Before Britain's general elections take place, polls foresee that the country could be governed by a new coalition government, raising the question of whether the two-party system will come to an end
Ahead of Britain's general elections scheduled to take place on Thursday, opinion polls have shown two main parties, the Conservatives and Labour, neck and neck since mid-March with each around 33 percent. However, over the last weeks, Prime Minister David Cameron's Conservative Party seems to have taken a two-point lead, hovering around 35 percent. Just a day before the elections, support is running very close and nothing can be said for sure. However, it seems the only certainty is that no party will win a majority in parliament and the U.K. will have another hung parliament.
The U.K. could be in the same situation as the last elections in 2010. The Conservative Party won the elections but could not win the majority of the 326 seats in parliament to form a single-party government and formed the current government with the Liberal Democrats. The U.K. will also need to form a coalition this year. This time, however, it has more risks. Speaking to Daily Sabah, Dr. Judi Atkins, a lecturer in politics at Coventry University said that if there is a hung parliament, the U.K. may face a second election within a year.
"What happens will depend on the number of seats won by each party, and whether Labour or the Conservatives can build a working parliamentary majority. If a full coalition is not possible, the other option is a minority government, which tends to be short-lived in the U.K., and we may well face a second election within 12 months. I think that politicians and the public need to face up to the fact that the first-past-the-post voting system is no longer fit for purpose. The increasing support for smaller parties, such as the Greens, UKIP [U.K. Independence Party] and the Liberal Democrats, means that hung parliaments have become more likely, and so the era of two-party politics is all but over. The U.K. therefore needs to have sensible conversation about electoral reform and seriously consider a change to a more proportional system."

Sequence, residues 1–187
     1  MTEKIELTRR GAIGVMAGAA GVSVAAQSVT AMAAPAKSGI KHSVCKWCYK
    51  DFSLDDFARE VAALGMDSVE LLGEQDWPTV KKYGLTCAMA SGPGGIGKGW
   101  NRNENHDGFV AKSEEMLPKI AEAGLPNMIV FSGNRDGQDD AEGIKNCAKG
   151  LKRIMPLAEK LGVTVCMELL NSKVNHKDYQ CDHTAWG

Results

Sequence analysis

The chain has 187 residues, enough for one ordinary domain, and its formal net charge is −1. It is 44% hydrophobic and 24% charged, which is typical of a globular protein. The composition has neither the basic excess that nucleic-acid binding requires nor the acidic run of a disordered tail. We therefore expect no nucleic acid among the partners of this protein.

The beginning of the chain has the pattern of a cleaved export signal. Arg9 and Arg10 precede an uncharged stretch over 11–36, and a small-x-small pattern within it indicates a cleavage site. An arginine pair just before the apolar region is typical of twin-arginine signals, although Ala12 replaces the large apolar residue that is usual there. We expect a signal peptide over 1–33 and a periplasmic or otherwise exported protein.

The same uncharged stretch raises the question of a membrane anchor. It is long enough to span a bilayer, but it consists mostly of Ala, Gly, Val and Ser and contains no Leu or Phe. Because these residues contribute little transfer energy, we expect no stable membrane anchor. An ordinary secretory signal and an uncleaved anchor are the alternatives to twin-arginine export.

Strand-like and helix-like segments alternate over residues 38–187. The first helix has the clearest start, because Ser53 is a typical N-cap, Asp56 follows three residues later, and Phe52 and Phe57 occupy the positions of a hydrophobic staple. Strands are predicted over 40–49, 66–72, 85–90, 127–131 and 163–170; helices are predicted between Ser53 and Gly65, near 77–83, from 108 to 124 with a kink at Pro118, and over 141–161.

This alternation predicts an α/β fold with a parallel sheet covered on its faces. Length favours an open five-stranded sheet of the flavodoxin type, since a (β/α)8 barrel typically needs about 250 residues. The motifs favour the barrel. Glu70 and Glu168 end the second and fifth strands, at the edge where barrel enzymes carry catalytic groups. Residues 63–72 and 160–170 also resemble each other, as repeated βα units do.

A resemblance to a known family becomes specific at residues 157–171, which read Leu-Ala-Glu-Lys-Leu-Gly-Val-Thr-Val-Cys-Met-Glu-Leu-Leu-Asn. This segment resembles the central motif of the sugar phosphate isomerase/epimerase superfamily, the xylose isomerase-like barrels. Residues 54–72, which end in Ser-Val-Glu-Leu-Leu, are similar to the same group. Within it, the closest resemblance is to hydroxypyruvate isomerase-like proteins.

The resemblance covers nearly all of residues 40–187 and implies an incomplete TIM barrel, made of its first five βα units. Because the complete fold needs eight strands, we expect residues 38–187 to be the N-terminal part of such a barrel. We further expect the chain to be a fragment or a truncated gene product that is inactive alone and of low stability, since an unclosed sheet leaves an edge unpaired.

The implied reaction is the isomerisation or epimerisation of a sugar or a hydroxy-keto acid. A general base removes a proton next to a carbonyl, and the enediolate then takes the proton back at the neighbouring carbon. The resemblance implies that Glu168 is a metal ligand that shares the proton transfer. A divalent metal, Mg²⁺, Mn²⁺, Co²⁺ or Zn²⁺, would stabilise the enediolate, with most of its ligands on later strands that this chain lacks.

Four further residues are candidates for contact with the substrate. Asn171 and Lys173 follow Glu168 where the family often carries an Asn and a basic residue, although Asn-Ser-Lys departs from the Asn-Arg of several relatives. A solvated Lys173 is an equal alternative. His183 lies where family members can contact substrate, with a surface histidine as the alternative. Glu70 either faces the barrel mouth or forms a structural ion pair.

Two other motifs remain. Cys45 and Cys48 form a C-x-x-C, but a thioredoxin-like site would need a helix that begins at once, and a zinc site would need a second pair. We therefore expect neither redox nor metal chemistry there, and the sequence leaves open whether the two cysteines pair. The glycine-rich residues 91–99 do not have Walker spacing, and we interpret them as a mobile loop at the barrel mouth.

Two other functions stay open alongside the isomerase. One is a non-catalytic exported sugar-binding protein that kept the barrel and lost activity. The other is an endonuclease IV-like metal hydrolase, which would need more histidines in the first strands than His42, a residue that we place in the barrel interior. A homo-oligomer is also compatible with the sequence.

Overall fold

Speaking to Daily Sabah, professor of political science and public policy, Martin Lodge, of the Department of Government and director of the Centre for Analysis of Risk and Regulation (CARR) at the London School of Economics and Political Science, also said another election may be expected.
"My expectation is a parliament with at best a minority government/small majority coalition government. I doubt that this will last for five years."
According to the latest numbers, there are around 41,692,818 registered voters in the U.K. This year around 3.3 million young people will vote in the general elections for the first time. The turnout for the elections over the past 10 years has been around 65 percent, with 2010 being the year with the highest turnout. Election campaigns play a very important part when it comes to turnout. However, experts believe that no party's campaign has been successful enough this year to bring voters to the polls. The numbers also support the experts' claims. According to YouGov, only 41 percent of new voters, around 1.35 million people, say they will definitely vote in the elections, which leaves 2 million young people who will not vote at all. Atkins said that parties have engaged little with members of the public in their election campaigns.
"In my view, the campaign has been disappointing. Important issues such as the environment and foreign policy have been neglected, and the leaders of the three main parties have engaged little with members of the public. In short, it's been more about image than about policies, which risks alienating the electorate even further. "
The topics on party leaders' agendas are no different to any other election. Tackling Britain's deficit and reducing the national debt are key priorities for all the main political parties. The funding of the National Health Service (NHS), Britain's state-run network of hospitals and doctors, is one of the most contentious issues in the election. All the political parties say they will defend the service. However, most of the uncertainties revolve around foreign policy. The most pressing policy issue is that of the European Union and whether to remain a member on the current terms, try to reform it or leave completely. The Conservatives want to try to reform the EU and then put the issue to a referendum while the Labour Party wants to remain a member.
Lodge said leaving the EU would be chaos. "The EU dimension would be important and it would become increasingly difficult for a Conservative prime minister to contain his anti-European parliamentarians. An exit would be a complete disaster for the country."
Britons are going to the polls amid uncertainties. A long discussion of forming the government in parliament awaits the country. Also, domestic and foreign issues could drag Britain into a period of troubled relations with neighbors along with economic instability.
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